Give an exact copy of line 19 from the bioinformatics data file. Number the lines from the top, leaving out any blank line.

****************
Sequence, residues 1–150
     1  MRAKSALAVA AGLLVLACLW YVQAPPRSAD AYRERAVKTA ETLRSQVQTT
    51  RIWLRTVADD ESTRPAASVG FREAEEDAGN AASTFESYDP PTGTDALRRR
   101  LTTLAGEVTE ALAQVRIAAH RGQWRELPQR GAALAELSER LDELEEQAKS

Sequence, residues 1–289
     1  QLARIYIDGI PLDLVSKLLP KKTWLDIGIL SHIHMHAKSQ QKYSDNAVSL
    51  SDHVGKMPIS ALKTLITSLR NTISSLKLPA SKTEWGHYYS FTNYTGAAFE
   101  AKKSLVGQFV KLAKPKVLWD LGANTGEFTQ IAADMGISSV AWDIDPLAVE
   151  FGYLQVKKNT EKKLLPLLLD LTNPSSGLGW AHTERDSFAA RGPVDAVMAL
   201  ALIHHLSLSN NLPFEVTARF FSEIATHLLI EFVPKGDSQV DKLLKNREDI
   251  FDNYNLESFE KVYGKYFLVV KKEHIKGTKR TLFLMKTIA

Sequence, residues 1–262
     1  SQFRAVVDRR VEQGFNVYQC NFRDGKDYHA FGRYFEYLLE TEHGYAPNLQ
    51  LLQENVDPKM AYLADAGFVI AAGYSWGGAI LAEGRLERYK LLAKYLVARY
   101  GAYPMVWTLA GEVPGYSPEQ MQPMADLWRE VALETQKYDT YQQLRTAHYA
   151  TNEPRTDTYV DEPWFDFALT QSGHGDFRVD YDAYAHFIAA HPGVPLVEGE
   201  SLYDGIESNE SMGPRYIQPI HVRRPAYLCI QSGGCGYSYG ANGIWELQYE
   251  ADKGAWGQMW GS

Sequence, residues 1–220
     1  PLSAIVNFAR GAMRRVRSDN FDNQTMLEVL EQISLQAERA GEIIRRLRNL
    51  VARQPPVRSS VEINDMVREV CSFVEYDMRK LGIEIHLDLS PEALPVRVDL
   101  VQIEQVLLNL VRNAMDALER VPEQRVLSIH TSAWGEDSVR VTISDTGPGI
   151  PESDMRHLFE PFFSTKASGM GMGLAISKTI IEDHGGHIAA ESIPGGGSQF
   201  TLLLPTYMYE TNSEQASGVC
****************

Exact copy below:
Sequence, residues 1–220